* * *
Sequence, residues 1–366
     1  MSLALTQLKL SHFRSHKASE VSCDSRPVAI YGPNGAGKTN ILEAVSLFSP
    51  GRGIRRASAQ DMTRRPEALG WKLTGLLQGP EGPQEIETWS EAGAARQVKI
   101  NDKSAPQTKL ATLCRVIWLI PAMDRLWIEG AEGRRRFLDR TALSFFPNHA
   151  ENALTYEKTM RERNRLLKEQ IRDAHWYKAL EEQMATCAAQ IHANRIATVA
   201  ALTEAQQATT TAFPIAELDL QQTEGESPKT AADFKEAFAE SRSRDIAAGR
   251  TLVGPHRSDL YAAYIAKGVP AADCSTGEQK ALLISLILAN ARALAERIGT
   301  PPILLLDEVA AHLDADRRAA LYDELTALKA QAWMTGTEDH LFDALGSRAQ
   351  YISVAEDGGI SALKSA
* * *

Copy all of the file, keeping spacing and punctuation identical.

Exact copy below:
Sequence, residues 1–366
     1  MSLALTQLKL SHFRSHKASE VSCDSRPVAI YGPNGAGKTN ILEAVSLFSP
    51  GRGIRRASAQ DMTRRPEALG WKLTGLLQGP EGPQEIETWS EAGAARQVKI
   101  NDKSAPQTKL ATLCRVIWLI PAMDRLWIEG AEGRRRFLDR TALSFFPNHA
   151  ENALTYEKTM RERNRLLKEQ IRDAHWYKAL EEQMATCAAQ IHANRIATVA
   201  ALTEAQQATT TAFPIAELDL QQTEGESPKT AADFKEAFAE SRSRDIAAGR
   251  TLVGPHRSDL YAAYIAKGVP AADCSTGEQK ALLISLILAN ARALAERIGT
   301  PPILLLDEVA AHLDADRRAA LYDELTALKA QAWMTGTEDH LFDALGSRAQ
   351  YISVAEDGGI SALKSA